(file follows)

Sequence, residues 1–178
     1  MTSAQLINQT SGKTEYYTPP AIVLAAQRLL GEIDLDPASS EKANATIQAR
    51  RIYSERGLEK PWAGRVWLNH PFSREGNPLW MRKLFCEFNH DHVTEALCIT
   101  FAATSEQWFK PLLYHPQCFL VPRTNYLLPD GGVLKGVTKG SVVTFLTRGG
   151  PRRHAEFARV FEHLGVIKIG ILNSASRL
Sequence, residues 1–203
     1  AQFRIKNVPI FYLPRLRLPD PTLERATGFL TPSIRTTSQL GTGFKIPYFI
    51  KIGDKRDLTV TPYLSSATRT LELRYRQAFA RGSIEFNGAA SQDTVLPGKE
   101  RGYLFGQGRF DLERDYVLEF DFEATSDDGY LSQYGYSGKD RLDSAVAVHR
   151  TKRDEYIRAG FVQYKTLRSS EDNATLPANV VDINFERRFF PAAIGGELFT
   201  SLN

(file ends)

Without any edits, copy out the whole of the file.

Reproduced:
Sequence, residues 1–178
     1  MTSAQLINQT SGKTEYYTPP AIVLAAQRLL GEIDLDPASS EKANATIQAR
    51  RIYSERGLEK PWAGRVWLNH PFSREGNPLW MRKLFCEFNH DHVTEALCIT
   101  FAATSEQWFK PLLYHPQCFL VPRTNYLLPD GGVLKGVTKG SVVTFLTRGG
   151  PRRHAEFARV FEHLGVIKIG ILNSASRL
Sequence, residues 1–203
     1  AQFRIKNVPI FYLPRLRLPD PTLERATGFL TPSIRTTSQL GTGFKIPYFI
    51  KIGDKRDLTV TPYLSSATRT LELRYRQAFA RGSIEFNGAA SQDTVLPGKE
   101  RGYLFGQGRF DLERDYVLEF DFEATSDDGY LSQYGYSGKD RLDSAVAVHR
   151  TKRDEYIRAG FVQYKTLRSS EDNATLPANV VDINFERRFF PAAIGGELFT
   201  SLN